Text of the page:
The shifting dynamic of OTT, Telcos and traditional broadcasters makes the landscape of delivering video content an unpredictable beast. Consumers have moved away from the bloated Pay TV model involving heavy monthly fees and minimum stay contracts in favor of flexible and personalized OTT services, capable of bending and maintaining a malleable stance within the market as customer needs adapt and transform with new content delivery platforms.
This offered both an opportunity and a dilemma for traditional services and as some of the largest names in the business likes Disney and Sony announce new OTT services, the newest challenge facing new entrants is, what shall my business model be, SVOD (Subscription Video On Demand) or AVOD (Ad-funded Video On Demand)?
This is an ongoing decision which video companies must mold to follow consumer trends and make sure their pricing model and sales strategy are maleable, as shown with Netflix’s new strategy which involves rolling out tailored ads to subscribed users as a form of personalization.
While an SVOD, the more popular option, is a more secure way of measuring your user base and having better control over gross income, many companies show great ways to make a profit simply on ad impressions – YouTube is a great example of this. We’ll go into the pros and cons of each option later in this article to further articulate why different businesses will suit one better than the other. However, something that many video companies are beginning to employ is a hybrid service in which multi-tiered payment models accommodate various customer needs. This strategy has long been employed by mobile gaming companies as an alternative funding method to purchasing the product, where consumers have the option to either pay for the product or download a free version and subject themselves to regular advertising – this is where the true value in a hybrid pricing strategy surfaces.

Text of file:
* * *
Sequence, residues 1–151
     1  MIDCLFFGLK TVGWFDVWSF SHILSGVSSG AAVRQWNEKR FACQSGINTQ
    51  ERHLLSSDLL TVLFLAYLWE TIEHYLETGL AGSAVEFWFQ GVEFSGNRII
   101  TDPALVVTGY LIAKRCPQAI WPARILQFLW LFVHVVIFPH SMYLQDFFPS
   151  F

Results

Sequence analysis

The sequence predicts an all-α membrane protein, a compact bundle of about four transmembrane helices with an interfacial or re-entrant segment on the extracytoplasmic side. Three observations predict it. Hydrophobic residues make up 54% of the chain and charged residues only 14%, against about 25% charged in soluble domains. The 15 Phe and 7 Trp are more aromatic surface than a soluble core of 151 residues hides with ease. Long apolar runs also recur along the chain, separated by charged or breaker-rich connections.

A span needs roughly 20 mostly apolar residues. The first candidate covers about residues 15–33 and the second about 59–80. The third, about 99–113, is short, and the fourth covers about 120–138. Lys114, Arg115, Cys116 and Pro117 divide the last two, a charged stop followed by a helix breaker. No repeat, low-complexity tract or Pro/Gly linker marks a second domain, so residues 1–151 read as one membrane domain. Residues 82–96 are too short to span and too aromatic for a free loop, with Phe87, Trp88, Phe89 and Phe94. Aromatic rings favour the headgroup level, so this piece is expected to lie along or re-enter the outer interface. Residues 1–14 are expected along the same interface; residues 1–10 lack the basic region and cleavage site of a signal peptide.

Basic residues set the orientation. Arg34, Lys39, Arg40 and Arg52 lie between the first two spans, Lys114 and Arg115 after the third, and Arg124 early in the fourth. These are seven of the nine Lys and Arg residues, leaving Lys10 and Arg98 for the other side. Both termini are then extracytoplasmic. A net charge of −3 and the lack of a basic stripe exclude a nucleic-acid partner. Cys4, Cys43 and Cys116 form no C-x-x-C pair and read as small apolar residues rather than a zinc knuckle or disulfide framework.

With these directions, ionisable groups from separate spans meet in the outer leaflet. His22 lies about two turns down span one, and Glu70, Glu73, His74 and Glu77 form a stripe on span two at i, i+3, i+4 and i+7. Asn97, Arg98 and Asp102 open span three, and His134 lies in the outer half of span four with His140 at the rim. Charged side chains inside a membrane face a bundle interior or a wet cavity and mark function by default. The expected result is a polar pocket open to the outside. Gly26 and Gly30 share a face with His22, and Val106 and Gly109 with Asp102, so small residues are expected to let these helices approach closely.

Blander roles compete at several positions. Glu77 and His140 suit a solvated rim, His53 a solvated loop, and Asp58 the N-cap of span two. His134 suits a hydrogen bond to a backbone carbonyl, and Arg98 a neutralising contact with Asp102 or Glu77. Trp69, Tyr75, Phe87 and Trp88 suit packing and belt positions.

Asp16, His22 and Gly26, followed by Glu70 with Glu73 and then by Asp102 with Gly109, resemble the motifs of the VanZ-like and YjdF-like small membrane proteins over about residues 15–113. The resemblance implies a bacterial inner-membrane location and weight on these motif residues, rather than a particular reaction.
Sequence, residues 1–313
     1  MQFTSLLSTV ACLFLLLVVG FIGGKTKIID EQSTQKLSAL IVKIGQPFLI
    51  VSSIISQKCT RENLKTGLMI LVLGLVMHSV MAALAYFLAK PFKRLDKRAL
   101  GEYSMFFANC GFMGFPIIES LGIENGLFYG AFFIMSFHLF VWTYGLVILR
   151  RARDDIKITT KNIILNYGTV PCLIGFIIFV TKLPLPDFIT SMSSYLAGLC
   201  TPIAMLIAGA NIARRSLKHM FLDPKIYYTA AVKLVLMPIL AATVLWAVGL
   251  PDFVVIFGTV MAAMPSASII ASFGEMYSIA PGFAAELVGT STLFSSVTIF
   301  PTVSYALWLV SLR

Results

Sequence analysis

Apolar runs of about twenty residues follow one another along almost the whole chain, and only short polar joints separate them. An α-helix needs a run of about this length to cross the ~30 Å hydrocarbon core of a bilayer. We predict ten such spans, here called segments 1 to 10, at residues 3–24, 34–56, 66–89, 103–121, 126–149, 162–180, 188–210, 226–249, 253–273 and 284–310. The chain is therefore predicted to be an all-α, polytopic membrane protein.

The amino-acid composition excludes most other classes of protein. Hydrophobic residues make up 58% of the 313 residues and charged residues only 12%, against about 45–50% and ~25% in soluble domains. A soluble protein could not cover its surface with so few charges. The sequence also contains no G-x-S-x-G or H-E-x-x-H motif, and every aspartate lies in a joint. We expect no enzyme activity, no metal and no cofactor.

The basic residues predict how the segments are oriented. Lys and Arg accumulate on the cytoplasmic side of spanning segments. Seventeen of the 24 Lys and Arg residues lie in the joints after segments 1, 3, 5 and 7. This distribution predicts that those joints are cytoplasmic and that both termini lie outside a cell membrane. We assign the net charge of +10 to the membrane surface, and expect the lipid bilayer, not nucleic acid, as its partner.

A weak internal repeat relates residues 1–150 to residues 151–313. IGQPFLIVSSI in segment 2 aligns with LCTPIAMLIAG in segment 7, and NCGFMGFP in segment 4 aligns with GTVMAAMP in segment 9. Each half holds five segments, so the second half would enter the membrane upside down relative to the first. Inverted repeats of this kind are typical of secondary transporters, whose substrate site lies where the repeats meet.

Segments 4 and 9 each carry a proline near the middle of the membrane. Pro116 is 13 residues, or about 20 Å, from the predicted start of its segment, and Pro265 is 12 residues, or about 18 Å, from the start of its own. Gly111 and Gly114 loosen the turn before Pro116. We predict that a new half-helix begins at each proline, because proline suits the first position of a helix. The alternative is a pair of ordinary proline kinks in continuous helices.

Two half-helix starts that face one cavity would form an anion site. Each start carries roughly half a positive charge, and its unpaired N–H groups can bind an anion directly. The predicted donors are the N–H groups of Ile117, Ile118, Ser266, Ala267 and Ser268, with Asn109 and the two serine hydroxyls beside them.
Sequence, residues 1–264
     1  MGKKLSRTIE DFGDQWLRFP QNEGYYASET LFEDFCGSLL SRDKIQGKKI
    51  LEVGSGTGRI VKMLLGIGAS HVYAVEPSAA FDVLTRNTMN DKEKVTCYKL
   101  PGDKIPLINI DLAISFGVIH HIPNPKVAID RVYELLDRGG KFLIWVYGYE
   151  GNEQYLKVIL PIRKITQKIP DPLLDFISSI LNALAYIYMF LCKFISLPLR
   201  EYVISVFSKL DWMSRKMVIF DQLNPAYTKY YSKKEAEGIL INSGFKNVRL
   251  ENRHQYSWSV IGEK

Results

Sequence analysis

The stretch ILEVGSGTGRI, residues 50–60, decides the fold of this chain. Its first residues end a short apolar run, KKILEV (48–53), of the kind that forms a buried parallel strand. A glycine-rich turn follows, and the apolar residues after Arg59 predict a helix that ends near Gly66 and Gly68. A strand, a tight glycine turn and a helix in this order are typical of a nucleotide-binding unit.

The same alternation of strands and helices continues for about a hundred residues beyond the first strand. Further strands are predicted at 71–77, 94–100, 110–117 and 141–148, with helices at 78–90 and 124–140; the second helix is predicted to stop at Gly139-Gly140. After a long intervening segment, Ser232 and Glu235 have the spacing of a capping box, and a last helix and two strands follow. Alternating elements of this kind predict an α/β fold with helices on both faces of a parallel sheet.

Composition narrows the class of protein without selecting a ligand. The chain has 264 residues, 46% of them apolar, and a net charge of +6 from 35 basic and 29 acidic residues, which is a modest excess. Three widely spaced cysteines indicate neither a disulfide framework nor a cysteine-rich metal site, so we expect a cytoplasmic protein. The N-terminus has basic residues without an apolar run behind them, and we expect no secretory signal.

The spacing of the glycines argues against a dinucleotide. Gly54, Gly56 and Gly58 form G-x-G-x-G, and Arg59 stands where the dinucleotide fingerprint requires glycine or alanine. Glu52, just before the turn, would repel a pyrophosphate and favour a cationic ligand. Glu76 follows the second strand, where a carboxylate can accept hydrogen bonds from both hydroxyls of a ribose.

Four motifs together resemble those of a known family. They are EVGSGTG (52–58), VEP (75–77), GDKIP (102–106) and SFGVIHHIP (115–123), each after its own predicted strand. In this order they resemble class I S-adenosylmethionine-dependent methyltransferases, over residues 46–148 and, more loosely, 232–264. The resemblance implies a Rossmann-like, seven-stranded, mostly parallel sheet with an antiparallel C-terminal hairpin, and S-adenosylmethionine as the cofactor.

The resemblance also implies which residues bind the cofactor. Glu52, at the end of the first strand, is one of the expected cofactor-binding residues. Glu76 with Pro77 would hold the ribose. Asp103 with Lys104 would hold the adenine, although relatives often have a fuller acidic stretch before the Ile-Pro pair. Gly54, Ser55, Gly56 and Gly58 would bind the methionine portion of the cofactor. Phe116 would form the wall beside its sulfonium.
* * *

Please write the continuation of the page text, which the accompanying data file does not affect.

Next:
An SVOD (Subscription Video On Demand) business model is a more secure and popular option. With a higher average ROI than alternative business models, the SVOD model has been adopted by industry leaders like Hulu, Amazon, Netflix and Youtube. This is less risky than the most popular alternative AVOD model, which requires more risky investments to acquire users and retain them.
A key benefit of running an SVOD video service is the proven track record of success. Annual revenue for SVODs in 2017 hit $64 million, up from just over $10 million in 2016. This is largely thanks to the highly competitive landscape between the few big players, resulting in many households subscribing to multiple SVOD services in order to access their favorite content. The boost in revenue has opened up space for companies like Netflix to have a budget of $8 billion for commissioning original content in 2018. This has made the SVOD model very accommodating for premium and high visual quality content.
A downfall of SVODs is the high cost of user acquisition, costing companies like Netflix $100 to acquire one single user, meaning user retention must be around 1 year for the company to make a profit (assuming a rate of $9.99/month). High costs and high turnovers make this a very volatile pricing plan, however, coordinated correctly and with the right analytics tool to track user behavior, this is almost the perfect option.